Front of Store Placement: How and Why

Previously published at BookWorks Aug 2017
Previously published at BookWorks Aug 2017

You walk into your local chain bookstore and see a table filled with cookbooks and a big sign that says “GRILLING COOKBOOKS.” BAM! Right in the front of the store as you walk in. Thousands of eyeballs see those cookbooks every week for a few weeks until the table gets turned into a “BACK TO SCHOOL” display. How does one get on the coveted book table? Why were those books chosen and not others?

The August Book Table Begins in February

The process for an August “Grilling” book table started back in February. The sales reps from publishing houses meet with the buyers in the corporate bookstore chain’s main office on a regular basis. Meeting with the buyer of each genre/category for a few minutes, they present all the relevant books they have coming out in summer and then move onto the next buyer to do the same.

The Marketing Department Weighs In

During the course of the day, one of the meetings that the sales reps have is with their marketing department rep. This marketing department staff member meets with “their” publishers and hears about the books that the sales reps want to promote. They also ask the sales rep to share which books the bookstore buyers ordered the most of and which ones they liked for displays. Ideas are exchanged and advertising dollar amounts are discussed in very loose terms.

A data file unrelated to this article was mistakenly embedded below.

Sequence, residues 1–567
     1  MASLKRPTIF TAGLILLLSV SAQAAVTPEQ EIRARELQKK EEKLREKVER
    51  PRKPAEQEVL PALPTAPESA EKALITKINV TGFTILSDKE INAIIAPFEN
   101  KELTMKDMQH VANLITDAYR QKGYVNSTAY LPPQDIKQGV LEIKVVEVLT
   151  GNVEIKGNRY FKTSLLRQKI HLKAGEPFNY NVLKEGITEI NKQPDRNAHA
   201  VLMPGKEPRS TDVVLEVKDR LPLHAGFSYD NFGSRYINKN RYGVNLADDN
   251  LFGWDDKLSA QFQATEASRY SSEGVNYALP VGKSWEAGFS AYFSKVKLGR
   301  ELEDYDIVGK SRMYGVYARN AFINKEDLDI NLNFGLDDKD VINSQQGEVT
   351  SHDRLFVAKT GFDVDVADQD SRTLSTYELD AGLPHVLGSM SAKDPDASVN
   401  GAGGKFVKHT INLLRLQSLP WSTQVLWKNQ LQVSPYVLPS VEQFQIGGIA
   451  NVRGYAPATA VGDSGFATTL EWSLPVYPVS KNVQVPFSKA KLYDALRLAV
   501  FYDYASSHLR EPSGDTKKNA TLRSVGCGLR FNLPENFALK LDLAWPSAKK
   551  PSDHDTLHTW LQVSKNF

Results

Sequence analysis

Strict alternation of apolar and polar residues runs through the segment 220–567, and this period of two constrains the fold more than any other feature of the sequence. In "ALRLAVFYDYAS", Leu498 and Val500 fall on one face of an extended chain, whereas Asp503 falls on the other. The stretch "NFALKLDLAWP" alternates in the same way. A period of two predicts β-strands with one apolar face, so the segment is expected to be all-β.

A few months later, (April? May?) the sales reps hear from their marketing department rep with a list of displays and titles that were approved for August. What happened between the February meetings and the May emails? A LOT. The marketing representatives walked into a lot of small boardrooms and pitched the books they and their publishers decided that they wanted to display. Theme and display ideas were decided upon and tables and end caps assigned. It is decided that a “Grilling Cookbook” table will happen in August. Now the fun starts!

Who Makes the Final Cut

There are a bunch of marketing representatives in that room with their publishers. All of them have grilling cookbooks that they want on that table. There are 20 spots and 50 potential cookbooks vying for space. (There may have been 100 grilling cookbooks presented to the buyer last February, but only the ones that the buyer decides to order in large enough quantities will be eligible to even get INTO the fight for those 20 spots.) Once the smoke clears, 20 titles have nabbed the spots on the August book table and 30 are left in the dust. That’s life in the big city.

Co-op Percentages Count

Why those 20? Is it because they were the best? Maybe. Or maybe one of the publishers offered a deeper discount on purchases and that will make the bookstore chain more money on every sale. A few of the publishers likely offered a higher co-op percentage (credits on purchases against display costs). Perhaps one of the publishers had recently purchased an entire book table and the marketing department wants them to stay happy with the chain so that they keep buying display space. Who knows? Not us—we don’t get to sit in that room. Usually what happens is that the best books with the greatest and broadest appeal end up on the promotional book table. (But keep those other scenarios in mind when asking chains and bookstores to display your book.)